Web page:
"To get the most benefit, you would relax as best as you can after the session and hydrate," Kenny says. "The effects continue to work the rest of the day."
How can I give myself a Swedish massage?
If you're interested in booking a Swedish massage, consult with therapists in your area to find the right one for you. But you can also try a self-Swedish massage at home.
“Our hands, neck, and feet often store lots of tension. The most basic Swedish strokes can do wonders to provide extensive relief… Try your skills with a hand and forearm massage and see for yourself," says Malarie Ortiz, general manager and massage therapist at The NOW Santa Monica.
Learn the five strokes
There are five strokes of Swedish massage. You can try practicing them on yourself for a self-massage. Meghan Kenny explains the differences below.
- Effleurage: "The most flowy stroke, typically just a long, glided stroke that's used around the body sending blood flow towards the heart."
- Petrissage: "More of a squeezing, rolling, or kneading of the muscle and so this is starting to break up tension. And what it is also doing is giving the therapist information about the muscle tissue, so if they want to go in there and do more deeper or specific techniques, they know a little bit more about what they're working on."
- Friction: "It's not quite deep tissue, but it gets a little bit deeper into the muscle tissue than some of these other techniques. And it's kind of a deep circular movement that's used up and down muscle tissue to increase blood flow."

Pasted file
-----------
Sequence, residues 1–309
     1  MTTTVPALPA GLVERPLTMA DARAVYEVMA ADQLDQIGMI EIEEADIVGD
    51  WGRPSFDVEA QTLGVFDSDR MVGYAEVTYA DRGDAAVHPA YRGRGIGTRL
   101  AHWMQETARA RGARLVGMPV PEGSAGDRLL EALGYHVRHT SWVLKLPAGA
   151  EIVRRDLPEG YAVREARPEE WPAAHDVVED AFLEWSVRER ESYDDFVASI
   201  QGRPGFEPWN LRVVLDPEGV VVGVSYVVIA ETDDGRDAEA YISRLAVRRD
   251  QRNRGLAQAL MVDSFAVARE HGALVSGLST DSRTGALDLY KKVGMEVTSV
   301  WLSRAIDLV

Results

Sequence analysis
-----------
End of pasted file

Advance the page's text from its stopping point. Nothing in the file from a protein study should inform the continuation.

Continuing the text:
- Tapotement (percussion): "A muscle stimulating technique, but it's not used as long. You wouldn't use it throughout the whole massage. You would kind of just use it here and there, or to close off the massage."
- Vibration: "This one is typically used to end a massage and it's an up and down movement or like a jostling or like a shaking."
What it's like to give yourself a Swedish massage
I just spent five minutes massaging my own hands and arms and, while it's not like a professional, it did help soothe me. While it's harder to implement these long strokes into a massage on my back, say, I've found the principles to be helpful in alleviating soreness in my tight, tight legs and upper extremities. And until I can make it to see a massage therapist IRL, I'll take it.